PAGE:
Krissi Goetz

Krissi Goetz

Why is it so inconsiderate when people allow their off-leash dog to approach and greet an on-leash dog? And why are on-leash greetings so ripe for misunderstanding?

I wrote about this topic a couple of years ago, but it’s something worth repeating.

Being considerate means giving thought to how one’s actions may affect others. When it comes to dog owners, there are many ways to be considerate or inconsiderate.

One of the most common impositions actually involves dog owners on both ends: one person allowing an off-leash dog to approach (often at a dead run) another person’s on-leash dog. This is a sticky situation at best. Most dog owners do not realize that just because another person has a dog does not necessarily mean they want your dog to come visit. For those of you who have outgoing and forgiving dogs, it’s hard to imagine a problem. Sometimes you see the concern on the leashed dog owner’s face, and shout, “Don’t worry. He’s friendly!”

The fact is, it’s usually not about your dog, friendly or not. It’s about not putting someone else (and their dog) in a compromising position. The other dog owner may have a good reason for having their dog on leash, including not wanting the dog to closely interact with others. They may have a fearful dog, or a dog who doesn’t enjoy having new dogs rush up into their face, or they may be working at training basic skills. They may have a service or therapy dog in training, dogs required to ignore other dogs. Some dogs are on leash restriction for medical reasons and having your dog “go say hi” could set back their recovery — or worse. For dogs who are immunocompromised, every close interaction with another dog could possibly spell life-threatening illness.

Even if none of the above is true, many dogs that are perfectly comfortable around other dogs are significantly less so when leashed. This is so common that you probably already know a dog or two who is friendly off-leash but becomes feisty when leashed and another dog comes to greet him. You may even have a dog like this yourself.

Why is this?

For starters, leashes greatly diminish a dog’s ability to communicate. Instead of carrying out typical greeting behaviors, like circling around one another and sniffing, dogs are really limited in what they can convey to another canine when leashed.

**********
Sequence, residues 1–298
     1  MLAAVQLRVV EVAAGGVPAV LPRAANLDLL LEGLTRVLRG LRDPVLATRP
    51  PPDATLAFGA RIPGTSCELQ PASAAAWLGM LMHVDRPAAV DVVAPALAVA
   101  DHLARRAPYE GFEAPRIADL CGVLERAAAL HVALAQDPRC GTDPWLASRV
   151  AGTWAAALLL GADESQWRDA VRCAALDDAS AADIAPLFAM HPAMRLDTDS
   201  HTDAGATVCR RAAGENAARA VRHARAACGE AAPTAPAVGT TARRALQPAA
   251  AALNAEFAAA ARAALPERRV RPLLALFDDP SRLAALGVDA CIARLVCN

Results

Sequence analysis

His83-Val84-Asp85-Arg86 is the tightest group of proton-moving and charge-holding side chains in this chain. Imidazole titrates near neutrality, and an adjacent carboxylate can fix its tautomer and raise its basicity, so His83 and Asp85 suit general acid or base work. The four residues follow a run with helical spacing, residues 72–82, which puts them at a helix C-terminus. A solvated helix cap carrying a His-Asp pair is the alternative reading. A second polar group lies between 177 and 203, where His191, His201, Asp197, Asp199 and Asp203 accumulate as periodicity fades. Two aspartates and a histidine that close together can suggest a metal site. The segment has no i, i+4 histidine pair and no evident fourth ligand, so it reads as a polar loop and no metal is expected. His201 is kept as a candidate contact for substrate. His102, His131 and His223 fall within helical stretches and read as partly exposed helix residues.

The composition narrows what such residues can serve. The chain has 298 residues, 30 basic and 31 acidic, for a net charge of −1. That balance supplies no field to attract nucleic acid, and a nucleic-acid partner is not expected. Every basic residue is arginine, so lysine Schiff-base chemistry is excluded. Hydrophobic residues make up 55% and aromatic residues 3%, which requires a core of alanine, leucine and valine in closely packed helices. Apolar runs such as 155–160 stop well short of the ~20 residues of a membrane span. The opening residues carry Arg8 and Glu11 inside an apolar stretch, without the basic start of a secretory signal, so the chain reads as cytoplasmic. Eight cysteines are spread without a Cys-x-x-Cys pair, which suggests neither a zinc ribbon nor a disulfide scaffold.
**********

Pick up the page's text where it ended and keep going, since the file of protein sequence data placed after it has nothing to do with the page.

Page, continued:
In the same vein, being attached to a leash also means the scenario is ripe for miscommunication. Often a dog strains at the leash to greet another — leaning forward and standing on tiptoe — resulting in what can easily be interpreted by the oncoming dog as an aggressive posture. Or leashes tangle. A tightened leash can tip a tense dog over to aggression.

Dogs have two options to have something unpleasant go away: They can move away from it themselves or they can challenge it to encourage it to move away. When something makes a dog uncomfortable during off-leash interactions, they can move away. But many dogs quickly learn that moving away is not an option on leash, and this leaves them with one alternative.

And so leashed dogs can learn that a good defense is a strong offense, growling or snapping when other dogs come near. Owners will then move their dog away from the other dog. And so the dog learns that growling really does make the other dog go away. Since the dog has been rewarded for the behavior, it’s likely to happen again.

Of course, there are cases where a dog actually had a terrible on-leash experience with another dog, not to mention cases where this dramatically affected the human, whose tensions can easily be transmitted down the leash.

There are also cases in which a lunging and barking leashed dog is simply frustrated. In these cases the dog just wants to meet the other dog. But that’s not always possible, or realistic. Dogs do need to learn they cannot meet every other dog they see.

When your dog is on leash it’s his job to pay attention to you, not other dogs. Because of all the above, a great rule to follow is allowing your social dog to meet and greet other dogs only while both are off leash. If that’s not possible, pass on the meeting.

Don’t forget that if a friendly, off-leash dog approaches you and your on-leash dog, a reasonable option in some situations is to simply drop the leash and let your dog go say hi. Best to let him have this reward (access to another dog) for some kind of good behavior first, like looking at you or sitting.

The reality is you won’t always be able to do this, even if you do have a dog that enjoys meeting other dogs. What if you are on a busy street or your dog’s recall is not yet reliable?

The good news is that it is absolutely possible to teach your dog to be more at ease around other dogs when on leash. It requires training, management, time and patience. Unfortunately, this kind of training can be set back by the experience of having a loose dog try to greet the leashed dog before their training program is up to that kind of interaction.

Becoming a considerate dog owning community is a lofty aspiration; it starts with every dog owner thinking about erring on the side of caution. Assume that others do not want to interact with your dog until you receive an invitation. This includes dogs on leash. There are legions of dogs and dog owners who will be thankful for your consideration.

Krissi Goetz is a trainer with JH Positive Training. Contact her via columnists@jhnewsandguide.com.

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